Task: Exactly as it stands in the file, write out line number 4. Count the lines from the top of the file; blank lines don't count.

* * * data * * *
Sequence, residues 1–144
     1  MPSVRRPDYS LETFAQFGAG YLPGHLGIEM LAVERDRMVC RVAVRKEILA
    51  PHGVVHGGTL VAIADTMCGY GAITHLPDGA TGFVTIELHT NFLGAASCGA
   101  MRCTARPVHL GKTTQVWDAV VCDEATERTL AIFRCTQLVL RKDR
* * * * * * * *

   101  MRCTARPVHL GKTTQVWDAV VCDEATERTL AIFRCTQLVL RKDR